Presentation on theme: "Gender and Ageing Implications for Public Policy Kate Jopling Senior Public Affairs Officer Help the Aged."— Presentation transcript:
Gender and Ageing Implications for Public Policy Kate Jopling Senior Public Affairs Officer Help the Aged
Challenges in public policy Demographic ageing is a key public policy challenge We have a new strategy for an ageing society – but what kind of society? Already an estimated 7500 women over the age of 100 and 5.5 million women over 65 Women live longer – life expectancy at birth is 81.1 for women and 76.7 for men By 2025 the gap is closing, but women still live longer
Challenges in public policy Differences in healthy life expectancy are less than differences in life expectancy overall – 69 for women and 66.6. for men Women have longer periods of ill health in later life Their health issues are different Do our health and care policies recognise this? How are they tackling this?
Challenges in public policy The face of poverty in old age is female 22% of single female pensioners are in the bottom income quintile after housing costs, compared to 14% single men Women pensioners are more likely to be in receipt of benefits than men Only 16% of women receive a full state pension in their own right Only 22% of women have occupational or personal pensions compared to 39% of men But do we acknowledge gender differences in our policy approaches?
Challenges in public policy Older women are more likely to be unemployed or economically inactive – 34% women 50+, compared to 28% of men The Government wants us to work longer But is it making work work for women?
Challenges in public policy Combating exclusion and isolation is a major public policy challenge 7 out of 10 women over 85 live alone compared to 4 out of 10 men over 85 But what about differences in modes of social contact? How does policy respond to the different needs of men and women?
Challenges in public policy Is public policy designed to be ready? Probably not But there is hope….
Opportunities in public policy New approaches in social care The Public Health White Paper New resolve on womens pensions An agenda for flexible working The work of the Social Exclusion Unit And The Commission for Equality and Human Rights
Social Care – key questions Women are the main users of social care services Whose needs do they meet? - does the day centre model work better for women than for men? What does this mean for commissioners? How can individual budgets help overcome the problems?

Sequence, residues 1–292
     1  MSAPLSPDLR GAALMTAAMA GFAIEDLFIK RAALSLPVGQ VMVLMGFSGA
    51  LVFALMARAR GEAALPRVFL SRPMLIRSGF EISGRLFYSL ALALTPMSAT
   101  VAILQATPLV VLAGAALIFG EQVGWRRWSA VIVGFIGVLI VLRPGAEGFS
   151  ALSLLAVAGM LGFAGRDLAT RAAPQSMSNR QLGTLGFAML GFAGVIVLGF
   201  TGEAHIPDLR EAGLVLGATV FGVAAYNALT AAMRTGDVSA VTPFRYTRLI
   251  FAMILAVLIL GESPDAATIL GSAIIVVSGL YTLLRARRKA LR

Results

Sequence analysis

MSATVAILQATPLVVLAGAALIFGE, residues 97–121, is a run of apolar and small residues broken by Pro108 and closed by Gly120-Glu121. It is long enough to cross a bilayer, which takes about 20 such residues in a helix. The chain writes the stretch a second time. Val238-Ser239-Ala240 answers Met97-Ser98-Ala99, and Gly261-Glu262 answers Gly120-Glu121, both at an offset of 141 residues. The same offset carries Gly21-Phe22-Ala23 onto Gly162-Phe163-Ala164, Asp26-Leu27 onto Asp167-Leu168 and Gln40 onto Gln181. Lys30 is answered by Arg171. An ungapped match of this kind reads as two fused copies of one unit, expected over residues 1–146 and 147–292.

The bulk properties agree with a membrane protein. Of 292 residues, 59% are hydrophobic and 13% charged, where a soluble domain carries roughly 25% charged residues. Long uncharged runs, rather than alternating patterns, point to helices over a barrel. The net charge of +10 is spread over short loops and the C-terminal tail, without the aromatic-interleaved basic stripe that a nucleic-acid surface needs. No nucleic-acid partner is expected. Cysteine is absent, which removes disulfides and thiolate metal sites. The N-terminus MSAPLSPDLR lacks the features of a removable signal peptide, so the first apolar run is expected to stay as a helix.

Public Health – key questions The White Paper is all about enabling individuals to choose health The Pennell Initiative for womens health demonstrated the need for a gendered approach to choosing health in later life But which gender is the prime concern – men who die younger or women who live longer in ill health? How can we build an understanding of gender differences into the work to implement of the White Paper?
Women and Pensions – key questions A new resolve in Government to tackle the national scandal of womens pensions But women are already benefiting most from the flagship policy Pension Credit Does this mean means testing is OK for women longer term? If so – what about men? Should we be crediting women for non-financial contributions or providing a universal basic income? Are the solutions gender specific or universal?
Extending working lives – key questions? The Government wants us to work longer Its creating pensions incentives, tackling age discrimination and considering flexible working for carers Its also reforming incapacity benefit But is the workplace ready for more part time, older, female workers?
Social Exclusion – key questions The Social Exclusion Unit is looking at how we tackle the broader issues of social isolation and being cut off from society. But who is at most risk? – Older single women living alone, or the minority of men? How do we ensure community based responses cater for these different needs?
The role of the new CEHR The new CEHR will draw together work across equality strands Gender Equality and Age Equality strands will be brought together A new focus on identifying issues and developing solutions Recognising diversity and promoting equality. BUT A very crowded agenda – so what is the first priority?
Discussion Who is being left behind by the lack of focus on gender differences? How can we add an understanding of gender differences to the policy debate? What are the priorities for the new CEHR?